Factors to Consider for a Server Room Plan

The server room goes by many names. Some of the commonly used phrases include network

The server room goes by many names. Some of the commonly used phrases include network room, data room, telecommunications room, and recently, the telecommunications spare. This is where all internal equipment and connectivity to the outside world happen. All cables connecting telephones, printers, servers, PCS, security, wireless, and safety equipment come together in this room. That said, a lot of preparation and planning is required to design a functional server room. A well-planned server room should provide:

1. Dedicated space for data and voice equipment
2. Enough space for completing moves, adds, changes, as well as troubleshooting
3. Temperature and space to support the efficient running of all equipment through its lifetime
4. Scalability and adaptation for future growth and other requirements
5. An extra layer of security for ‘mission-critical’ equipment

The location and size of the server room are depended on the number of floors, building size, and type of equipment to be installed in the server room, and equipment supported by the same. Floor space and function are some of the critical factors you need to consider when planning a server room. Other factors to consider when planning a server room include:

1. Cable Management and Termination

The layout in every equipment room should be designed in such a way that both current and future needs are met. Cable management is equally essential for larger installations and server rooms. Cable management should be done cleanly and efficiently for improved efficiency. They should also allow for the logical extension of the room plan and especially if changes, adds, or moves are to be made within the room. Experts recommend terminating all horizontal ethernet cables on patch panels for easier management.

2. Cabinets, Racks, and Enclosures

No-one wants their server room to look like a big mess and disorganised. A well-thought-out plan is however needed to ensure the equipment room remains neat and organised all through. For this reason, factors such as patch panels, quantity, and size of servers, air flow, switches, and supporting equipment need to be put into consideration when designing the floor plan. Other equipment/components such as power strips, monitors, keyboards, and UPS (uninterruptable power supply) should be considered when planning the server room. UPS batteries are highly important in a server room.

3. Lighting and Power Considerations

This is one of the critical things you need to have in mind when planning a server room. Server rooms require enough juice to power all equipment; one of the reasons the plan need to be well-thought-of. Some of the essential things to remember when planning the room include:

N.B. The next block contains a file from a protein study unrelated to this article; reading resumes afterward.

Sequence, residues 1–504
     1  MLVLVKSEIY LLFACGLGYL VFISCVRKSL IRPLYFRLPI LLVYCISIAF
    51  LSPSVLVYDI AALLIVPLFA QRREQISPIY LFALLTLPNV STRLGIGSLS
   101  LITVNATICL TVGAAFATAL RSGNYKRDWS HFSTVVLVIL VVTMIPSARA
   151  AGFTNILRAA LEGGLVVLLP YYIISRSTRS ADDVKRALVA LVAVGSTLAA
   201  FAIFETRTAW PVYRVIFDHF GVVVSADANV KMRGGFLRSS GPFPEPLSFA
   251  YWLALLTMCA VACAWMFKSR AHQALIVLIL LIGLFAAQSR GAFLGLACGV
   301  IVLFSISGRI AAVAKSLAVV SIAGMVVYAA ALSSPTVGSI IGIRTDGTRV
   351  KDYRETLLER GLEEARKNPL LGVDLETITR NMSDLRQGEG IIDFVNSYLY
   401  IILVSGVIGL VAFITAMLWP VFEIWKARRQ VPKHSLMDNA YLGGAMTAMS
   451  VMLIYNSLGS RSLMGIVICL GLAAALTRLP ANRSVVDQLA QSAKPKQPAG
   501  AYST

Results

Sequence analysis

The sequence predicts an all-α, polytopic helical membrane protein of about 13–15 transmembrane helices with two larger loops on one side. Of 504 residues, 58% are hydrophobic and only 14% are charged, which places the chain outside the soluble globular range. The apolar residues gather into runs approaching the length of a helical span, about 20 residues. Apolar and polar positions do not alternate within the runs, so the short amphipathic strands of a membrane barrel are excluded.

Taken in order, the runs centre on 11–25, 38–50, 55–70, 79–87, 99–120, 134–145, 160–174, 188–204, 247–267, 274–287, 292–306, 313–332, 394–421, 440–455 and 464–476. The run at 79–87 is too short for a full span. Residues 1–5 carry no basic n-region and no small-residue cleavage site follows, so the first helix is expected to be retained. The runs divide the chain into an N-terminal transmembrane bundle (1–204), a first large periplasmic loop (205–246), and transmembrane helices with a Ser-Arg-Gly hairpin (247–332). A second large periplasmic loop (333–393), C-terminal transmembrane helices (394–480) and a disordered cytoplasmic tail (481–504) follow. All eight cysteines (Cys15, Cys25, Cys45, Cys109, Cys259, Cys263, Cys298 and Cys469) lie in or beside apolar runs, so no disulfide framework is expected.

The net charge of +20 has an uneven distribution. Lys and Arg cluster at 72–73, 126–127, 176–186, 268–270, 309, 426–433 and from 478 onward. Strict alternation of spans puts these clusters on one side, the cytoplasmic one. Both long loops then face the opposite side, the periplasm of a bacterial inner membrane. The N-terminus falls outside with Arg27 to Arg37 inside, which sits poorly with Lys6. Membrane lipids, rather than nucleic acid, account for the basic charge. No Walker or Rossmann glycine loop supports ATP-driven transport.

a. A dedicated power panel is needed for both the data and telecommunication rooms.
b. At least 2 dedicated AC duplex outlets with branch circuitry is recommended. Be sure to check the amperage and voltage of these outlets (based on the manufacturer requirements) before proceeding with the installations.
c. The quadruplex and duplex outlets should be 6 inches apart.
d. Never use a wall switch to control power outlets in the data room. Using any power switches in the data room is a risk you wouldn’t want to take.

Backup power is recommended for all telecommunication spaces. In the event of power failure, the UPS should be capable of supporting all the critical equipment and servers to allow time to resolve the power issue. The best way to ensure all equipment remains powered is by determining how much power all the equipment in the network room is needed. This way, you’ll invest in a capable UPS to power all these at one go.

4. Temperature Control

The equipment in data rooms emits lots of heat that can quickly get out of control if the right temperature control measures aren’t implemented. Temperature and humidity are two of the key factors to consider when designing a server room. If you have an issue with overheating network equipment, a simple reset can help solve the problem. If this doesn’t help, the equipment might become too hot, risking a fire.

Always check all equipment to ensure they are kept within the manufacturer’s temperature and humidity limits. It would also be a wise idea to invest in cooling fans and other measures to ensure the free flow of air.

5. Access

Most network administrators are keen to protect their servers and digital asses from external threats such as viruses and malware. Many however forget the physical factor whereby someone can walk in the data room and make away with valuable and sensitive data. For this reason, you need to ensure the network room is under lock and key at all times, and only authorised personnel allowed into the room. This is the bare minimum for any data room.